In this striking literary debut, Carol Rifka Brunt unfolds a moving story of love, grief, and renewal as two lonely people become the unlikeliest of friends and find that sometimes you don't know you've lost someone until you've found them.
1987. There's only one person who has ever truly understood fourteen-year-old June Elbus, and that's her uncle, the renowned painter Finn Weiss. Shy at school and distant from her older sister, June can only be herself in Finn's company; he is her godfather, confidant, and best friend. So when he dies, far too young, of a mysterious illness her mother can barely speak about, June's world is turned upside down. But Finn's death brings a surprise acquaintance into June's life - someone who will help her to heal, and to question what she thinks she knows about Finn, her family, and even her own heart.
At Finn's funeral, June notices a strange man lingering just beyond the crowd. A few days later, she receives a package in the mail. Inside is a beautiful teapot she recognizes from Finn's apartment, and a note from Toby, the stranger, asking for an opportunity to meet. As the two begin to spend time together, June realizes she's not the only one who misses Finn, and if she can bring herself to trust this unexpected friend, he just might be the one she needs the most.
An emotionally charged coming-of-age novel, Tell the Wolves I'm Home is a tender story of love lost and found, an unforgettable portrait of the way compassion can make us whole again.
Tell the Wolves I'm Home is a literary pleasure read. The crisp, short chapters and slightly funky (and therefore realistic) characters had me turning pages fast and late. Rifka Brunt's story treats a potentially morbid central topic with a surprisingly light touch. The AIDS-related death of a homosexual family member in Rifka Brunt's hands becomes the inciting incident of a whimsical, unconventional love story. She weaves teenage awkwardness, 1980s AIDS paranoia and domestic drama into an inexplicably happy narrative. (Reviewed by Stacey Brownlie).
In this lovely debut novel set in the 1980s, Carol Rifka Brunt takes us under the skin and inside the tumultuous heart of June Elbus… Distracted parents, tussling adolescents, the awful ghost-world of the AIDS-afflicted before AZT - all of it springs to life in Brunt's touching and ultimately hopeful book.
Brunt's debut novel is both a painful reminder of the ill-informed responses to a once little-known disease and a delightful romp through an earlier decade. The relationship issues with parents and siblings should appeal to YA audiences, but adult readers will enjoy the suspenseful plot and quirky characters.
In [Tell the Wolves I'm Home], 15-year-old June must come to terms with the death of her beloved uncle Finn, an artist, from AIDS in 1980s New York… What begins as a wary relationship between former rivals for Finn's affection blossoms touchingly.
Starred Review. [A] transcendent debut… Peopled by characters who will live in readers' imaginations long after the final page is turned, Brunt's novel is a beautifully bittersweet mix of heartbreak and hope.
Wall Street Journal
Tremendously moving… Brunt strikes a difficult balance, imbuing June with the disarming candor of a child and the melancholy wisdom of a heart-scarred adult.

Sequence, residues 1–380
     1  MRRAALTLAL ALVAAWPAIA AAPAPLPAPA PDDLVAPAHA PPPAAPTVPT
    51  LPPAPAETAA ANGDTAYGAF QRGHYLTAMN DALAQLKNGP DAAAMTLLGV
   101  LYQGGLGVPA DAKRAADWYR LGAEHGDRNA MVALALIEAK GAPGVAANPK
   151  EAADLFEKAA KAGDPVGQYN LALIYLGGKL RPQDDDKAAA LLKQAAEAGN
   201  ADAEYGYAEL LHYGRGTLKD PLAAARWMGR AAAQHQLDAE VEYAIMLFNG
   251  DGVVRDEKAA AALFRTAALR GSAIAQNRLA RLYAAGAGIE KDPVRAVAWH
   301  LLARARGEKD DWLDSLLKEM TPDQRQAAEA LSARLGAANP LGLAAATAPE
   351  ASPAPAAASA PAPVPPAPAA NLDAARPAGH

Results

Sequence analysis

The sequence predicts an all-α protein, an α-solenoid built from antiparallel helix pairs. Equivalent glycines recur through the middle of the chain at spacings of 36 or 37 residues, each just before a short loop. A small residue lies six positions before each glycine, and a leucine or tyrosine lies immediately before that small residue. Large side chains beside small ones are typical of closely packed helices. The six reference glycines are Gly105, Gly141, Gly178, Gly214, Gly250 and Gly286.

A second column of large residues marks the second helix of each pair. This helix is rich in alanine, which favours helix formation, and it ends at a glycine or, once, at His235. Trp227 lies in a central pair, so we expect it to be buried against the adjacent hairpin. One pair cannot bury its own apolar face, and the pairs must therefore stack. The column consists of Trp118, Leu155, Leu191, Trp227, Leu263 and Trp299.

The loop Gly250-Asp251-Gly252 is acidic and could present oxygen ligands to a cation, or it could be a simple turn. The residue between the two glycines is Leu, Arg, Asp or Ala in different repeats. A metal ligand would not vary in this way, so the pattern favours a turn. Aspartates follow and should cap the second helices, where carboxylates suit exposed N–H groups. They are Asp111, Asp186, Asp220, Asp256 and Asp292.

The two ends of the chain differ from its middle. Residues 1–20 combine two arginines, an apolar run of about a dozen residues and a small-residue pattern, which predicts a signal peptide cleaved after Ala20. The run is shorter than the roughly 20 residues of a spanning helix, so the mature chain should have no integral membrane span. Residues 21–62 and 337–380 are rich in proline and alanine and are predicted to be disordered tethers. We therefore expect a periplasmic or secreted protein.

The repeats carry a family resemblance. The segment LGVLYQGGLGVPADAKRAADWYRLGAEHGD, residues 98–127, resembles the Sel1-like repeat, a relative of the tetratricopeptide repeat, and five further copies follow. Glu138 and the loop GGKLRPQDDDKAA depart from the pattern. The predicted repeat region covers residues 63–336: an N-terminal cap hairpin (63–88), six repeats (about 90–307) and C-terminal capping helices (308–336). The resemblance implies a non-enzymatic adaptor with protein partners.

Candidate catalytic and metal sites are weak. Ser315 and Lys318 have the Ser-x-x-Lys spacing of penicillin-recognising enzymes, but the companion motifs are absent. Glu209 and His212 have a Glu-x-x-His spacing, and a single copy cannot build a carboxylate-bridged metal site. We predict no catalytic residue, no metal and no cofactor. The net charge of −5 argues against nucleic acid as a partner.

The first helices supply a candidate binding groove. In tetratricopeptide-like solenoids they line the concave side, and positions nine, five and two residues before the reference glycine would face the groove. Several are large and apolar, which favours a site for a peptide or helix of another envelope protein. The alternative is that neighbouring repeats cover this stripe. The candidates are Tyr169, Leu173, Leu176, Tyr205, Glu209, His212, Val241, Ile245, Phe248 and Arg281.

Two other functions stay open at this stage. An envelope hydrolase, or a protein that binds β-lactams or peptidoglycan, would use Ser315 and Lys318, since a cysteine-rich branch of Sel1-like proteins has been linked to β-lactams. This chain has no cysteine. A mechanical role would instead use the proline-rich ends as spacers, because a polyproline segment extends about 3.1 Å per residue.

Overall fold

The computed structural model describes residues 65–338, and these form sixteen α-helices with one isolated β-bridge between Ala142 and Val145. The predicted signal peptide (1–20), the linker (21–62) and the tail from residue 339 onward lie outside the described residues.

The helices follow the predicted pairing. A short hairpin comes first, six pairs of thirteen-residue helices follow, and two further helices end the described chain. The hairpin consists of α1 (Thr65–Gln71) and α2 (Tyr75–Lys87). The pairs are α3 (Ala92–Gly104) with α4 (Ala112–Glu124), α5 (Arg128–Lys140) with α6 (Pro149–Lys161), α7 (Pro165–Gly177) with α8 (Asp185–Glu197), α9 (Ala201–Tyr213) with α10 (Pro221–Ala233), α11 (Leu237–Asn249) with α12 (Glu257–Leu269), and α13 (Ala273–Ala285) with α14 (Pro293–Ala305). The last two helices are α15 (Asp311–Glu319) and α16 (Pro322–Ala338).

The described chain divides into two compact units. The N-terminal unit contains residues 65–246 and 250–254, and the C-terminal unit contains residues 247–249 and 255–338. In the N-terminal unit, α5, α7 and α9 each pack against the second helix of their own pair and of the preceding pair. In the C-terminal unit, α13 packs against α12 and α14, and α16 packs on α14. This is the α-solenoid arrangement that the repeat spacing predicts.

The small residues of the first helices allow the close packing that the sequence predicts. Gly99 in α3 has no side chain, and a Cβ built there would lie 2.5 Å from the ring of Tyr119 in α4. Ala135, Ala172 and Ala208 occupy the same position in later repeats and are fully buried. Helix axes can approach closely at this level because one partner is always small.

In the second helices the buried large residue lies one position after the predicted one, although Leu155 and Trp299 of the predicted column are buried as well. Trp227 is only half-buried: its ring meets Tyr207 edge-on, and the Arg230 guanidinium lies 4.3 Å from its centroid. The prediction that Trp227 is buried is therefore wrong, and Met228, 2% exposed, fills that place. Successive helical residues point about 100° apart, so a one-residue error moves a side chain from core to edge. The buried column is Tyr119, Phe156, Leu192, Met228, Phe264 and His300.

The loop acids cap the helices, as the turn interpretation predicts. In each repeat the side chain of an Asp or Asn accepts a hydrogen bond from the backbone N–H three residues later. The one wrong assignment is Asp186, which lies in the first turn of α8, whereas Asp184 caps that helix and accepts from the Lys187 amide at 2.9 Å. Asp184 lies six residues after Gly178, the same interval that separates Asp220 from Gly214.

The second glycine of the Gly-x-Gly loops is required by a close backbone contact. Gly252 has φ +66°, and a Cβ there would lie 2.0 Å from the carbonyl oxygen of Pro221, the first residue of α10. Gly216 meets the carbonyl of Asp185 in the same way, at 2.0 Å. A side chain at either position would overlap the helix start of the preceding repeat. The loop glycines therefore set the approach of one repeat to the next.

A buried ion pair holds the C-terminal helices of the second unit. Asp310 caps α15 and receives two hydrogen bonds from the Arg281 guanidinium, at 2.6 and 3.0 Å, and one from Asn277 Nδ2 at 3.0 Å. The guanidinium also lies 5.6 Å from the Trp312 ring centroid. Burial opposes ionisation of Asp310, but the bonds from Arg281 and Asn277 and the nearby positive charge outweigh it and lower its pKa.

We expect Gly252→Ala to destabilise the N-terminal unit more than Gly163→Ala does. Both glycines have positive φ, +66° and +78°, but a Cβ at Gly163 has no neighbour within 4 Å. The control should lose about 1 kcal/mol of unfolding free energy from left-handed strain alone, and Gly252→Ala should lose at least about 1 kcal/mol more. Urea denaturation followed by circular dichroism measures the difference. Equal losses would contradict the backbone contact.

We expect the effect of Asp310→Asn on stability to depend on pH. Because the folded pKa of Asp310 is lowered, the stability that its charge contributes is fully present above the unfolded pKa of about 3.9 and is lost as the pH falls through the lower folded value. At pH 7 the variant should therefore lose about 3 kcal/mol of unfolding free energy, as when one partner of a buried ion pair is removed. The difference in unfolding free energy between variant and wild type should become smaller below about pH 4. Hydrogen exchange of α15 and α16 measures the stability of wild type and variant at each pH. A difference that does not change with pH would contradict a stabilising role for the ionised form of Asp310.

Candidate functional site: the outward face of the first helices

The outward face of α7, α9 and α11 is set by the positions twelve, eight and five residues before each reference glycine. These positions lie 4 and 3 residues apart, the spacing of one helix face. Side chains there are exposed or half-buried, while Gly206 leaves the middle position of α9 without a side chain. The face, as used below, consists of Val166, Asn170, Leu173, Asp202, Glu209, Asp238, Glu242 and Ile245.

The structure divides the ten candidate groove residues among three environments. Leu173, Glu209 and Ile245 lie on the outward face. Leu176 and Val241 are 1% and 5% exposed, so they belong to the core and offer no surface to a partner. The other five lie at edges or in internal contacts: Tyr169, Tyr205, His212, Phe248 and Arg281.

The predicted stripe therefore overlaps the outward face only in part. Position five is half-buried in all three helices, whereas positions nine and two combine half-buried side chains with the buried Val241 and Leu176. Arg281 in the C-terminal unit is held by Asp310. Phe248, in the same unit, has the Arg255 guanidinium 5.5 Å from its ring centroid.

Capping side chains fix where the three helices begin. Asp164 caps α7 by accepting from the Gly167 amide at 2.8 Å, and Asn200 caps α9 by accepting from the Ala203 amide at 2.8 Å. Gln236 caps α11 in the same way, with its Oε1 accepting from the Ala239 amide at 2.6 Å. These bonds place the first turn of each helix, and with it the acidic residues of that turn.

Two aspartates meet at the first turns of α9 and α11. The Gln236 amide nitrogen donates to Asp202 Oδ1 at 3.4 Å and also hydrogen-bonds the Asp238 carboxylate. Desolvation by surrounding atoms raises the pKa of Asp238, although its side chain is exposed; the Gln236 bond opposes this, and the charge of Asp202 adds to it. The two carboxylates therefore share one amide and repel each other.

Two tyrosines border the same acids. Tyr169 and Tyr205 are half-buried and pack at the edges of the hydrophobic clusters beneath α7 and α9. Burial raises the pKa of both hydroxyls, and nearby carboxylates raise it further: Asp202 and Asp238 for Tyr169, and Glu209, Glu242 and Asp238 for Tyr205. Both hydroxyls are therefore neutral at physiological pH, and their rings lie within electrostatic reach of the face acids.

There is much to admire in this novel. The subtle
insight on sibling rivalry and the examination of love make for a poignant debut.
Rebecca Makkai, author of The Borrower Tell the Wolves I'm Home is a tale as charming and magnetic as the missing character at its heart. It's a love story of the most unusual kind - several love stories, really - vivid and madly relatable, heartening as well as heartbreaking. Brunt is a captivating storyteller and a wonderful new voice.
Recent Reader Reviews
Rated of 5
by Diane S. Tell the Wolves I'm Home June is such a wonderful character, a 14 yr. old trying to find her way and secure in the knowledge that she is loved by her Uncle Finn who dies of aids. This is a thought-provoking book about the complicated relationships in a family and how... Read More
The characters in Tell the Wolves I'm Home visit numerous locations in New York City and Westchester County, New York, and the accuracy of Rifka Brunt's descriptions adds a rich flavor to the story. If you're the type of person who likes to travel to literary-inspired destinations, you might consider these three stops:
The Cloisters: June's favorite place to visit with Finn was The Cloisters, located in Fort Tryon Park in northern Manhattan. These gardens and museum, which opened to the public in 1938, are a part of The Metropolitan Museum of Art and feature the various architectural, artistic and stylistic designs of medieval Europe. The abbey, constructed using materials from five French medieval cloisters (Saint-Michel-de-Cuxa, Saint-Guilhem-le-Désert, Bonnefont-en-Comminges, Trie-en-Bigorre, and Froville) houses over 3,000...
A moving depiction of the transformative power of first love, Hamann's first novel follows Eveline Auerbach from her high school years in East Hampton, New York, in the 1970s through her early adulthood in the moneyed, high-pressured Manhattan of the 1980s.
"Rarely has an author succeeded so splendidly at making real the inexplicable event (here a life-threatening childbirth) while also reminding us of the struggle between sisters, the enchantment of love, and the kindness of others. Do not miss this novel!"
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